Sam Altman Dismisses AI Voice Claims: 'Not Scarlett Johansson's'

OpenAI faces backlash over new AI voice similarities.

by Nouman Rasool
SHARE
Sam Altman Dismisses AI Voice Claims: 'Not Scarlett Johansson's'
© Mike Coppola/Getty Images

At the recent AI for Good Summit, OpenAI CEO Sam Altman faced inquiries regarding the controversial AI-generated voice dubbed "Sky," which critics claim mimics the distinctive tone of actress Scarlett Johansson. The summit, hosted by the International Telecommunication Union—a U.N.

agency—saw Altman interviewed by Nicholas Thompson, CEO of The Atlantic, just days after the two companies announced a collaboration. During the interview, Altman attempted to clarify the confusion surrounding the "Sky" chatbot voice.

"It’s not her voice, it’s not supposed to be. I’m sorry for the confusion, clearly you think it is," he explained, emphasizing that OpenAI did not intend to replicate Johansson's voice. He acknowledged the subjective nature of voice resemblance, stating, "People are going to have different opinions about how much voices sound alike, but we don’t.

It’s not her voice."

Sky Voice Controversy

The issue gained traction after a public demonstration by OpenAI of a new voice function for ChatGPT. The voice, referred to as "Sky," bore a resemblance to Johansson's, according to some users.

Subsequently, OpenAI decided to withdraw the voice amid rising concerns. Johansson herself has spoken out, revealing in a statement that Altman had approached her in late 2023 with a proposal to use her voice for the project.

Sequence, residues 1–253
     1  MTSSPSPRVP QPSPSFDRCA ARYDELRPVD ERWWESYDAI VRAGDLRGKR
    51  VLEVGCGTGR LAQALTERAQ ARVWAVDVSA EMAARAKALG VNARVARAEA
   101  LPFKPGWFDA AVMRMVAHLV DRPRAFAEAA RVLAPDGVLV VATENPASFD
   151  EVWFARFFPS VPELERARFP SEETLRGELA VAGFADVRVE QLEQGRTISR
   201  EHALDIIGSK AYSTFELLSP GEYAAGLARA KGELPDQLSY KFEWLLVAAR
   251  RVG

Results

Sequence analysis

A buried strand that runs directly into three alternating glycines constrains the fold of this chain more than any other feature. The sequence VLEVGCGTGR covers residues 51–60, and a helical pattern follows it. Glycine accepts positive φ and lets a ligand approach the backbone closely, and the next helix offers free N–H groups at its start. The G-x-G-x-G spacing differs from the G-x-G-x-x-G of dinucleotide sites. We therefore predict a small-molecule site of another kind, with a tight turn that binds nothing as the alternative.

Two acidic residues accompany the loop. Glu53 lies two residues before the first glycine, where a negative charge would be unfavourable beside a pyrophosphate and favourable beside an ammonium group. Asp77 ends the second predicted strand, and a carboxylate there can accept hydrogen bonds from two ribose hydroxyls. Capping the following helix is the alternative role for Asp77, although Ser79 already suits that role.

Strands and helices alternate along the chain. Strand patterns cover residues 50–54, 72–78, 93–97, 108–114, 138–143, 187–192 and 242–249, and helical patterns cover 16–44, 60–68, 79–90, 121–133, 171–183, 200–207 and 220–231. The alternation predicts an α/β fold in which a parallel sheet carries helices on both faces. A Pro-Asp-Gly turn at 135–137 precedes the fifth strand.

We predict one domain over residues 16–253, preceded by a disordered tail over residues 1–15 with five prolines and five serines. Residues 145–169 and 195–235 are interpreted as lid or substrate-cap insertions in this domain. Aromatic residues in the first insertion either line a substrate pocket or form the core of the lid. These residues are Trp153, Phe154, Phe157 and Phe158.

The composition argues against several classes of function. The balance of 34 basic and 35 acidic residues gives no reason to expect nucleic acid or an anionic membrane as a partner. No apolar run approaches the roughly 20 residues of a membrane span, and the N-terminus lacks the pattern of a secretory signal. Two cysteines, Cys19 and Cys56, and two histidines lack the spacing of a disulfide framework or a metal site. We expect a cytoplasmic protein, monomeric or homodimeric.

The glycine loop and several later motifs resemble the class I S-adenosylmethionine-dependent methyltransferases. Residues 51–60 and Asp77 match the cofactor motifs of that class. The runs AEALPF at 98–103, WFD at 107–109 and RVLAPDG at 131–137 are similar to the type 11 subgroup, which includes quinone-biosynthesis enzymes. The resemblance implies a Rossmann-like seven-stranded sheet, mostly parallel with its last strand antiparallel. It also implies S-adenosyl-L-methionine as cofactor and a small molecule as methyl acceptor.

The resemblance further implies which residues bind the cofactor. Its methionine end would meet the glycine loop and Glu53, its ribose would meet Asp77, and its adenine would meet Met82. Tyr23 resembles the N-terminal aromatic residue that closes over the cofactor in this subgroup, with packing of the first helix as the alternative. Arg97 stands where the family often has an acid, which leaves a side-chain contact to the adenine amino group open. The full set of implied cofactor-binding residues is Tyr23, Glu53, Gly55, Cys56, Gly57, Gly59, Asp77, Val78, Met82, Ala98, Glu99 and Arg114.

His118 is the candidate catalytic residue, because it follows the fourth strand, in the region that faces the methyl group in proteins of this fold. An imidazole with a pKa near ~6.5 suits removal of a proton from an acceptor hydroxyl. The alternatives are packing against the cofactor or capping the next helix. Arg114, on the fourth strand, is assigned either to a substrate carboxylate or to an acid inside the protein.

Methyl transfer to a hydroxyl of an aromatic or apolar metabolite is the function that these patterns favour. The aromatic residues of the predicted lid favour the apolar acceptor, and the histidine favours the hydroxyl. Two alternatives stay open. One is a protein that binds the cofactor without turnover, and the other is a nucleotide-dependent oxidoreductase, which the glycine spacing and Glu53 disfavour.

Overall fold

"He told me that he felt that by my voicing the system, I could bridge the gap between tech companies and creatives and help consumers to feel comfortable with the seismic shift concerning humans and AI," Johansson disclosed.

Despite considering the offer, she ultimately declined for personal reasons. Months later, the resemblance of the "Sky" system's voice to Johansson's was noted by many, including her friends and family, escalating the issue.

Altman, during the demo, even tweeted "her," which appeared to be a nod to the 2013 film Her, where Johansson voiced an AI character, further fueling speculations. This incident underscores the ongoing tensions between the generative AI sector and the entertainment industry, with potential legal ramifications as voice actors and the Screen Actors Guild?American Federation of Television and Radio Artists (SAG-AFTRA) push for legislation to protect voice and likeness rights. The debate continues as both industries navigate the complex landscape of digital innovation and intellectual property.

Scarlett Johansson
SHARE